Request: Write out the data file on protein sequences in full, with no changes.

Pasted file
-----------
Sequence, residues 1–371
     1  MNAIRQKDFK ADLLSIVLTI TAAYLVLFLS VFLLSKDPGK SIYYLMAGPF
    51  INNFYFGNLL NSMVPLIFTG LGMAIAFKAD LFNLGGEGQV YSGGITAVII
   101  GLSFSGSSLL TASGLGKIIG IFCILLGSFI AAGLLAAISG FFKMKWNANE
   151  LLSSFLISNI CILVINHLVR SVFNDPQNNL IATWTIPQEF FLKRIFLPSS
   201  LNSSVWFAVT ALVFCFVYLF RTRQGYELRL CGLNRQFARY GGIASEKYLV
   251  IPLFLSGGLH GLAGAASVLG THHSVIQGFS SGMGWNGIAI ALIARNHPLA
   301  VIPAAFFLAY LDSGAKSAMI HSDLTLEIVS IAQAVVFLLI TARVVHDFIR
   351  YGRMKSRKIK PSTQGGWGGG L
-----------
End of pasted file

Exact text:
Sequence, residues 1–371
     1  MNAIRQKDFK ADLLSIVLTI TAAYLVLFLS VFLLSKDPGK SIYYLMAGPF
    51  INNFYFGNLL NSMVPLIFTG LGMAIAFKAD LFNLGGEGQV YSGGITAVII
   101  GLSFSGSSLL TASGLGKIIG IFCILLGSFI AAGLLAAISG FFKMKWNANE
   151  LLSSFLISNI CILVINHLVR SVFNDPQNNL IATWTIPQEF FLKRIFLPSS
   201  LNSSVWFAVT ALVFCFVYLF RTRQGYELRL CGLNRQFARY GGIASEKYLV
   251  IPLFLSGGLH GLAGAASVLG THHSVIQGFS SGMGWNGIAI ALIARNHPLA
   301  VIPAAFFLAY LDSGAKSAMI HSDLTLEIVS IAQAVVFLLI TARVVHDFIR
   351  YGRMKSRKIK PSTQGGWGGG L